The most important difference is that nn is a research system that I used for making some advances related to computer science, computational linguistics, and narratology. The system was developed to prove certain points; it was used only by yours truly to implement narrative and text generation ideas and to run demos.
August 7, 2009
This is the third in a series of posts about my interactive fiction system, Curveship.
Before I start descending into detail, I’ll explain why I think Curveship is a big deal.
Curveship does the usual work of an interactive fiction system when it comes to simulating a world: There are discrete rooms that make up the fiction’s locations, actors can inhabit and wander around these rooms, and things can sit in them, be taken and carried off or otherwise moved around. Items can change state, so that a lamp, for instance, can be turned on and off. Items can go into or onto other items, if they allow it. None of this is surprising; plenty of interactive fiction development systems already do all of it very well.
August 4, 2009
This is the second in a series of posts about my interactive fiction system, Curveship. In writing about Curveship in any detail, I’ll have to use terms such as action, event, and order, which sound ordinary but are used in a special way in the system. Furthermore, I’ll have to use terms such as focalization and narratee, which do not sound ordinary, but have a meaning within narratology (a.k.a. narrative theory) and are important to the way Curveship works. I’m going to define a few of these terms – some I’ll save for later. Rather than sort them alphabetically, I’ll group them by how they figure in the system.
July 28, 2009
This is the first of a planned series of posts about my interactive fiction system, Curveship. Curveship is an interactive fiction development system that provides a model of a physical world, and its workings, as do existing state-of-the-art IF systems (such as Inform 6, Inform 7, TADS 2, and TADS 3). It will not have as many libraries, and will have no multimedia features, when it is released, but it will provide another significant capability: it will allow IF authors to write programs that manipulate the telling of the story (the way actions are represented and items are described) as easily as the state of the IF world can now be changed. While existing IF systems allow for the simulation of a character who can move around and change the state of the world, Curveship provides for control over the narrator, who can tell as if present at the events or as if looking back on them, who can tell events out of order, creating flashbacks or narrating what happens by category, and who can focalize any character, not just a fixed PC or a hard-coded series of them, to tell the story from the perspective of that character’s knowledge and perceptions.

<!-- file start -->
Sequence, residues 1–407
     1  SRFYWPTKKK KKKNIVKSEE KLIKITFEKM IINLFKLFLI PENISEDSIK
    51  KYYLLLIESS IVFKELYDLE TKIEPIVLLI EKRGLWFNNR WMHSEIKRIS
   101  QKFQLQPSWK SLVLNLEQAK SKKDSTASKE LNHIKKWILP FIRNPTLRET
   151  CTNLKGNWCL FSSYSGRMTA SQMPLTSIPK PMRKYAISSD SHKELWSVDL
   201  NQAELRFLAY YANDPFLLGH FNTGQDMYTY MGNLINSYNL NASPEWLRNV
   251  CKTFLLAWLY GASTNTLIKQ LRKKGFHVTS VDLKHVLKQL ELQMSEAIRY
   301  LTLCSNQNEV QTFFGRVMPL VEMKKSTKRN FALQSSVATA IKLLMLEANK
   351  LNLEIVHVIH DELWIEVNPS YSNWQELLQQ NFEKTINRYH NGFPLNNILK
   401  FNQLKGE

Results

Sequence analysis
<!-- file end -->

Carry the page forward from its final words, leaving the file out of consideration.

June 4, 2009
The Workshop on Computational Approaches to Linguistic Creativity has just concluded. I posted about the morning; here are my notes on the afternoon talks.
The first item for the afternoon was my invited talk, “Curveship: An Interactive Fiction System for Interactive Narrating” I worked a while to provide the paper to accompany my talk, trying to introduce IF, explain the basics of narrative variation, and get into at least some of the technical details of my system, including the string-with-slots representation, which I’ve been working on a great deal recently. I also tried to include handy references and pointers. Incidentally, I’ve been meaning to post more about Curveship, and I’d love to hear any questions you have about it at this point, even before I’ve properly introduced the system on this blog.